Despite the opposition from the proponents of zoning, Onor had declared his ambition to run for the governorship of the state at St. Charles Catholic Church in Calabar. His declaration came after strategic consultations in the 18 local government areas of the state. Onor’s move was not well received by some critical stakeholders within the PDP and APC in the state. At a parley with journalists in Calabar, Onor faulted supporters of zoning. He stated that “that those who are promoting and spreading the message of zoning are either cowards who do not have what it takes to contest the party’s ticket under a free and fair process, or are ethnic jingoists who are only interested in misleading our people in pursuit of their very personal and selfish interests.”

The senator also stressed that “nobody or group of persons should divide our state and its people in the name of zoning. We are a people who share commonalities with deep historical roots and it would be thoroughly unfair for anybody to fan the embers of geo-ethnicity, just to satisfy their selfish ambition. In the course of the consultative visits, leaders of our party were united in their resolution that the contest is open for anybody who thinks he has what it takes to contest, no matter what part of the state the person comes from. The leaders were firm on this, as reflected in the communiqué they issued,” Onor explained.

But Bassey, had in a statement, laid down the conditions and circumstances upon which zoning was embedded in Cross River politics. According to him, many of the opponents of zoning were not privy to all the agreement reached by the PDP on zoning, specifically in 2015. He stressed that, it was based on zoning that “the South did not present a candidate in 2015. They supported the North. There were potential candidates from the South who could have created a contest in the field in 2015, but the people of the South decided to go with the zoning principle and supported the North on grounds of equity and fairness. In 2023, we believe that now is the turn of the South, under the same rotation principle,” Bassey said.

He argued that “as the incumbent Senator representing the Southern Senatorial District, I currently hold the mandate to speak for the people of the South. My constituents in the Southern Senatorial District categorically and without equivocation, expect that power will come to the south in 2023, based on the rotation principle. In my party specifically, the PDP, we expect that the governorship will be zoned to the South in 2023”.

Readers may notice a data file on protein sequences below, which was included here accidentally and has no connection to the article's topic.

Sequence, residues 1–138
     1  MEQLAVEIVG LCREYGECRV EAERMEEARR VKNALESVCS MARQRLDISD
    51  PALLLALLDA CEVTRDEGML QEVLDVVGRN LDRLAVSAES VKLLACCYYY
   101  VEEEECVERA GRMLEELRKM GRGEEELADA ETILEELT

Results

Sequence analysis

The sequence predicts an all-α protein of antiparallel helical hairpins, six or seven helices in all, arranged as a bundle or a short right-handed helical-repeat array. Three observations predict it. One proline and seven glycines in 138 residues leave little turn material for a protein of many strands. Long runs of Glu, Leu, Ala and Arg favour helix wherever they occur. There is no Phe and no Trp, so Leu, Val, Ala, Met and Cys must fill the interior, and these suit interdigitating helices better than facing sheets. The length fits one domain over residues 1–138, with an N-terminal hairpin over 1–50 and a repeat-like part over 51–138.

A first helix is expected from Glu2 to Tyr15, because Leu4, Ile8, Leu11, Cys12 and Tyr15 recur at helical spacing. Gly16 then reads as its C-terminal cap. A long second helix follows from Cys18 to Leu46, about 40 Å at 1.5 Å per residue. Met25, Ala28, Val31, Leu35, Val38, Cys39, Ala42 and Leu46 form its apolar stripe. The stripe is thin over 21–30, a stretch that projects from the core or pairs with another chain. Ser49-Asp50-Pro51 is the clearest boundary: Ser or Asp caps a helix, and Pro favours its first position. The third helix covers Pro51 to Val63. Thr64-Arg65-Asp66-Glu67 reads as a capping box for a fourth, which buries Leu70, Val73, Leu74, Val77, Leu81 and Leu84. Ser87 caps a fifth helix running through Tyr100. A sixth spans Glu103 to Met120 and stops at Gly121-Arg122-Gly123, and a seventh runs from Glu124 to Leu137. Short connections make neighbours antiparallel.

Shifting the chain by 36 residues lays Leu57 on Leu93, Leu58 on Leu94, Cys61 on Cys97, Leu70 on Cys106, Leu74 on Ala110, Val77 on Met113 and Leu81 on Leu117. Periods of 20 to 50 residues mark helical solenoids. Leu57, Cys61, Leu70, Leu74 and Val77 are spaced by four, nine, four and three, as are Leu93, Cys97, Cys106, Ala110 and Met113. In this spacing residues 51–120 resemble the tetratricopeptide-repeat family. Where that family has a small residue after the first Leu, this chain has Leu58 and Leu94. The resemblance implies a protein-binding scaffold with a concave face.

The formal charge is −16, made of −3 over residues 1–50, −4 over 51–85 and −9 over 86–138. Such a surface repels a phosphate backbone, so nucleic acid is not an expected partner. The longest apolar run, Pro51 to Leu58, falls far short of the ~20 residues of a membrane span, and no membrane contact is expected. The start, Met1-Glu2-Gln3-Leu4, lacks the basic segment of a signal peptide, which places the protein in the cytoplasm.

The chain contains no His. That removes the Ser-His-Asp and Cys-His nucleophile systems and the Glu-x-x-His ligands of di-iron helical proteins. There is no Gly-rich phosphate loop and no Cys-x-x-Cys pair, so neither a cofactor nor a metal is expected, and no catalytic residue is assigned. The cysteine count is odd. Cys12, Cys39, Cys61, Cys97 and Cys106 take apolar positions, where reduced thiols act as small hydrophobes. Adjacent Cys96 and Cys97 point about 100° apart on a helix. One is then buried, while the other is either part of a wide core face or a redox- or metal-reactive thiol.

“The reason for this is very clear. In 2015, when my brother, Donald Duke, was not in the party, there was a caucus meeting which zoned this governorship to the Northern Senatorial District, with the understanding that after the North, rotation would continue with the South,” he added.

While Duke, Ayade, Bassey and other political heavyweights have gone into the trenches, firing political missiles against perceived political opponents, Imoke has remained silent, working and strategising behind the scene. With Ayade’s defection to APC, Imoke was fast to reorganise the party, bringing together the three senators, Bassey, Onor and Sen. Jarigbe Agom Jarigbe, representing Cross River Northern Senatorial District to the PDP fold.

At his annual political gathering on January 1, 2022, in Itigidi, his home town, Imoke was believed to have reset the 2023 governorship race, to pave the way for a more equitable politics. Many see Imoke’s silence on the issue as more strategic than weakness. With one of his close ally, former House of Representatives member, Hon. Bassey Eko Ewa warning politicians from the central senatorial district to stay away from the 2023 governorship race, it is reasoned, Imoke is pushing for a southern candidate in the PDP, to ensure political stability in the state.

Also, a coalition of civil society and indigenous groups led by Cross River State People’s Forum and the New Democrat Initiatives met in Abuja to reprimand politicians who wanted to derail the smooth transition and equitable distribution of power in the state. The two groups both led by Stafford Bisong and Paul Obi, had cautioned to the APC and the PDP against going against the zoning formula well established in the state.